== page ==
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Investigators clear Gorch Fock commander of allegations
Photo: DPA

Investigators clear Gorch Fock commander of allegations

Published: 13 Mar 2011 13:38 GMT+01:00
Updated: 13 Mar 2011 13:38 GMT+01:00

The Financial Times Deutschland obtained a copy of the 98-page report by an investigative committee led by German Navy Adm. Horst-Dieter Kolletschke. The paper said the allegations against Commander Norbert Schatz had proven themselves to be "largely untenable."

In January, Schatz was relieved of his duties as commander of the training ship by then-German Defence Minister Karl-Theoder zu Guttenberg after officer cadets came forth with claims of gross misconduct on the Gorch Fock leading up to and after the death of a woman cadet in November.

Twenty-five-year-old crew member Sarah S. fell 27 metres to her death during a climbing exercise, sparking an alleged “mutiny" on board the ship.

A report by Hellmut Königshaus, the German parliamentary liaison to the military, highlighted allegations by former cadets who said instructors were involved in heavy drinking and sexual assaults, in addition to subjecting naval trainees to humiliating drills.

Guttenberg was heavily criticised for his decision to suspend Schatz, particularly as the defence minister had cautioned not to draw premature conclusions about the case before examining the claims against the commander.

The investigative commission's report described officer cadets' claims of unreasonable drills following their crew member's death as "individual statements."

"Insofar as these allegations could be confirmed in part, they were not nearly as serious as they were originally made out to be," the report read, according to Financial Times Deutschland.

The committee questioned 221 officer cadets and 192 relatives of the Gorch Fock's permanent crew. However, the investigation did not concern the fatality on board the ship on November 7.

In particular, the commission's findings contradicted several cadets' allegations that instructors had made them climb the ship's rigging following their colleague's death.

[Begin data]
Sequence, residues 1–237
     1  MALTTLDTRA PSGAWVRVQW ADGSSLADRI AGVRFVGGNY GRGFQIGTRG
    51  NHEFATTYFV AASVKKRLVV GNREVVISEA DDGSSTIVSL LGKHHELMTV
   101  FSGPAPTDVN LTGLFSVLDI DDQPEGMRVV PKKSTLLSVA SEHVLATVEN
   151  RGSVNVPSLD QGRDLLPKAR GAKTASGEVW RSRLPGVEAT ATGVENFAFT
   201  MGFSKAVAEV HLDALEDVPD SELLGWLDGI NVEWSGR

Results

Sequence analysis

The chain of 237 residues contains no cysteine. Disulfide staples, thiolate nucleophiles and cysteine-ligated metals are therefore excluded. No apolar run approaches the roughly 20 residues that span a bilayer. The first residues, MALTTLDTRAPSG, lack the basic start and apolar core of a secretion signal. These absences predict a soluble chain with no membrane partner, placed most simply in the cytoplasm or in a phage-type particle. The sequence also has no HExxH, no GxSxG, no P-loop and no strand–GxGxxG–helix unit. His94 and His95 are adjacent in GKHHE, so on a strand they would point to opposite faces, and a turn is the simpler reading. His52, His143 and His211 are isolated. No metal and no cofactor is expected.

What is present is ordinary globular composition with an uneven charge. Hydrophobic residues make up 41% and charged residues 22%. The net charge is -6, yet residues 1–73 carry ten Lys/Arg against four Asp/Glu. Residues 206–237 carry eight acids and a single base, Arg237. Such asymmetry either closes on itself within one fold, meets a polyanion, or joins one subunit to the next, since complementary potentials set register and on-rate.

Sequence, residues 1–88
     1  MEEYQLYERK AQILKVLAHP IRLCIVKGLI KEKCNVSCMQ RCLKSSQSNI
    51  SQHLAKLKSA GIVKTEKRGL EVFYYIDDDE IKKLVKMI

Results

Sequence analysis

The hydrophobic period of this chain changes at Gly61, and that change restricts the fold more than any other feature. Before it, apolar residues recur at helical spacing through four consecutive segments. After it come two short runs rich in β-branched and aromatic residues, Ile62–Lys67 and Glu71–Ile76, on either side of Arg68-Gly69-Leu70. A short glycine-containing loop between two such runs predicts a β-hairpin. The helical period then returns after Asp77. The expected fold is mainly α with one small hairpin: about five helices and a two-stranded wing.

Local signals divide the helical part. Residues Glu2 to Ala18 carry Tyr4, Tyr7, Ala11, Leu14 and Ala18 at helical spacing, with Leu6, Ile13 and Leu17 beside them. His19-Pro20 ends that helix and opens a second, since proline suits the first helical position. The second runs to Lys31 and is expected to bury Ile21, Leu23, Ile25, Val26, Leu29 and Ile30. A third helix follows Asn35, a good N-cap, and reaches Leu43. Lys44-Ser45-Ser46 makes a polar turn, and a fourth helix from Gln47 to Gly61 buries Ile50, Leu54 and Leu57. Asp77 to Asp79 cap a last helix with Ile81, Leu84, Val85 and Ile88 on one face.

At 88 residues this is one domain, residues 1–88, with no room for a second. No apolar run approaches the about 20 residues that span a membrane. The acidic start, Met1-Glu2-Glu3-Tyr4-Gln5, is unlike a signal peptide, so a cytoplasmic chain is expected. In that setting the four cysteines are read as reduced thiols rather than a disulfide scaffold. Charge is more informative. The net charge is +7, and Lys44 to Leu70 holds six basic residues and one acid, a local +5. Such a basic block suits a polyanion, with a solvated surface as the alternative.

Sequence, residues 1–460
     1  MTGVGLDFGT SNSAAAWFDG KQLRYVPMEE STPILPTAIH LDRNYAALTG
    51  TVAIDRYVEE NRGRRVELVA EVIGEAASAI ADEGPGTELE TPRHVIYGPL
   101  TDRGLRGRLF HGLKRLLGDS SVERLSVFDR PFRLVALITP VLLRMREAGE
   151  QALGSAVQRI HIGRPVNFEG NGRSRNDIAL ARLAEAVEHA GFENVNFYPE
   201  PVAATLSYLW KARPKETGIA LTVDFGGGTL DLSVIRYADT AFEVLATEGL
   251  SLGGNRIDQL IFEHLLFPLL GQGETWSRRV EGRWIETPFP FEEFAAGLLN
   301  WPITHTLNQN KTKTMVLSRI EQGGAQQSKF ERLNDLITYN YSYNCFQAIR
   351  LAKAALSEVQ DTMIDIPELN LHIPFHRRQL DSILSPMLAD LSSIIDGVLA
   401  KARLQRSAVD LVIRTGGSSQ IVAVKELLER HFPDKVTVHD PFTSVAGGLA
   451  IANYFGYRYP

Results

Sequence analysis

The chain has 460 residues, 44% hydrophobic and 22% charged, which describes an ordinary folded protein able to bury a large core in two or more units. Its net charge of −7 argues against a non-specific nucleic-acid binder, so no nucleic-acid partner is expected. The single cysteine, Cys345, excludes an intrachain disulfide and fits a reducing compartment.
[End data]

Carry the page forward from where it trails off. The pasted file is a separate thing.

The Local/arp

The Local (news@thelocal.de)

Your comments about this article

14:18 March 13, 2011 by catjones
Whew! That was close. I was afraid someone might be held responsible. Now, on to Duisburg.
14:56 March 13, 2011 by Al uk
I have heard they are renaming her (the ship) the Bounty.
15:55 March 13, 2011 by maxbrando
All of this was caused by overweight females who allege maltreatment when they actually have to perform.
22:09 March 13, 2011 by derExDeutsche
... that's the good news.

The Bad news is; The Captain wants to go water skiing!
12:28 March 14, 2011 by Gilly58
phew! what a relief....now, where did we stash the Rum?
13:43 March 15, 2011 by hanskarl
"Insofar as these allegations could be confirmed in part, they were not nearly as serious as they were originally made out to be,"

Enough said. If there were issues and for a ship with mainly "trainees" one should want to teach and testify to the highest level of professionalism and standards. Scuttle the whole crew and start over if even one shred of evidence turns up regarding these charges. Everything rises and falls on leadership.
16:03 March 15, 2011 by wenddiver
Wow! Who would have thought sailing a crew full of 18 year old girls to Brazil could ne so embarrassing.
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